Russell Shumate showcases his background in upholstery and cabinetry at Russell’s Retro Furnishings—all the midcentury modern treasures on the floor of his modest storefront are perfectly restored. Recently spotted: a Saarinen dining table and Tulip chairs, plus a 1950s aqua cracked-ice chrome dinette set. 1132 E. Broadway; 520/882-3885; russellsretro.com

PLAY

Saguaro National Park is home to an estimated 1.8 million towering Carnegiea gigantea, a.k.a. saguaro, as well as 1,200 other plant species, desert tortoise, black bear, Mexican spotted owl, and Arizona mountain king snakes. The park’s ninety-thousand-plus acres are divided into two divisions: the Rincon Mountain District (the East District) and the Tucson Mountain District (the West District). The Rincon Mountains rise to 8,600 feet, so that side has a greater biodiversity than the west, where the Tucson Mountains are 4,600 feet tall. Both sides have hiking trails and ranger-led programs. $10; 3693 Old Spanish Trail and 2700 N. Kinney Rd.; nps.gov/sagu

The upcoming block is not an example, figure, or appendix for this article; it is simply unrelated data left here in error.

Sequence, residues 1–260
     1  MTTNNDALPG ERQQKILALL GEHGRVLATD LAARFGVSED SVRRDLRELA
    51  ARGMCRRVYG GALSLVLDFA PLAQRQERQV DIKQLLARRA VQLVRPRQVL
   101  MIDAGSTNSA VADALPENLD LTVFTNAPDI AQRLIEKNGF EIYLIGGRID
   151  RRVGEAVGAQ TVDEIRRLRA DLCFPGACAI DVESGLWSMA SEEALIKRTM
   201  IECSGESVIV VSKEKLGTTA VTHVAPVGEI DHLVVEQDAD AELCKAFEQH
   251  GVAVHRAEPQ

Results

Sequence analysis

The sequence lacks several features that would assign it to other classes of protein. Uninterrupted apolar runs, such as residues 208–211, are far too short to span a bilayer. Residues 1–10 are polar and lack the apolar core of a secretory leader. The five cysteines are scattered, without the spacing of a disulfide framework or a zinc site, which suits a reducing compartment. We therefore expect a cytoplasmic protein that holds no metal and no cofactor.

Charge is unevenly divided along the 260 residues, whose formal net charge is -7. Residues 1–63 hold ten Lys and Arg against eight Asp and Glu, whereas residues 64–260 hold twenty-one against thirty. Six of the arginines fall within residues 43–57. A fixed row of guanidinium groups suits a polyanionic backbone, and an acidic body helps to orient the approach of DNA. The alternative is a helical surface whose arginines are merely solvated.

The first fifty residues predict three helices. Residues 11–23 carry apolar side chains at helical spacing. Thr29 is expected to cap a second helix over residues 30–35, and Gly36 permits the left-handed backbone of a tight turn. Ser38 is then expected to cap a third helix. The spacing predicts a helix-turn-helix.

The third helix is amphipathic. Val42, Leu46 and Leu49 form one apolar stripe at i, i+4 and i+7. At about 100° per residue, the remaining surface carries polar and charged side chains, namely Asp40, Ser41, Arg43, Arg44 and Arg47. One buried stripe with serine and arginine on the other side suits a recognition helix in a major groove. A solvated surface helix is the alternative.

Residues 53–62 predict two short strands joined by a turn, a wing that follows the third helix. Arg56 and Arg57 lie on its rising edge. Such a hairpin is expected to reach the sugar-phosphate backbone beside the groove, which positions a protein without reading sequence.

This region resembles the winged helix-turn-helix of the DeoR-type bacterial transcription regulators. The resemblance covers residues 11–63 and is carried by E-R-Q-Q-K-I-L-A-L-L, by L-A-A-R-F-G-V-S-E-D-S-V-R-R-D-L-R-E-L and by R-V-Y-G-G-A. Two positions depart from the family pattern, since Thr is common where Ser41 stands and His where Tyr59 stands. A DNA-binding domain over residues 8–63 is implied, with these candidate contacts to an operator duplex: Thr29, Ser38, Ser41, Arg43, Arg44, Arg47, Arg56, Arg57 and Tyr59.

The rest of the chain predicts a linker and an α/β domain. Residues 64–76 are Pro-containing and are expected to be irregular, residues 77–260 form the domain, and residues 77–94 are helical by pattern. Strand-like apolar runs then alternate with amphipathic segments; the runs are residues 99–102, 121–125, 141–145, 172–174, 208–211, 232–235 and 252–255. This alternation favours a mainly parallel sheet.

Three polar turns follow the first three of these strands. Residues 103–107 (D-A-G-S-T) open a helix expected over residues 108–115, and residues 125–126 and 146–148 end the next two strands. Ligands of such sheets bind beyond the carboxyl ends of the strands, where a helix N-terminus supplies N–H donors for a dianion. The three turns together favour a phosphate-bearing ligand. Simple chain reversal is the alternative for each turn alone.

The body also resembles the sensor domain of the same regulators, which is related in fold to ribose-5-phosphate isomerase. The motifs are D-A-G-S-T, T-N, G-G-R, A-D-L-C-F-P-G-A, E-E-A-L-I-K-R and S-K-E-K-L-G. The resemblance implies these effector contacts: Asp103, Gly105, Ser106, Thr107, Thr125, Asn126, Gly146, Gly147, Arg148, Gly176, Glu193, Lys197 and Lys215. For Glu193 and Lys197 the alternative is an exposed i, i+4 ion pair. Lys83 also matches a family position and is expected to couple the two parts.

Arizona-Sonora Desert Museum is a ninety-seven-acre outdoor facility dedicated to the flora and fauna of the surrounding desert and the nearby Gulf of California. Trails wind past exhibits like a hummingbird aviary, a canyon populated with bobcats and ocelots, and a riparian corridor where sleek river otters play. The dramatic rock and glass restaurant and gallery complex is a desert modern design by Tucson firm Line and Space. $19.50; 2021 N. Kinney Rd.; 520/883-2702; desertmuseum.org

Tohono Chul Park. Photograph by  Josh Schachter

Tohono Chul Park. Photograph by Josh Schachter

Tohono Chul Park is part botanical garden, part art gallery, and part cultural center: see specimen cactus, demonstration gardens, and seasonal blooms as well as work by Arizona artists here. Or do a bird walk, butterfly tour, or tai chi class. The Garden Bistro, located in what was once a gracious, private hacienda-style home designed by Josias Joesler protégé Lewis Hall in the early 1960s, serves one of the city’s best prickly pear margaritas. $10; 7366 N. Paseo del Norte; 520/742-6455; tohonochulpark.org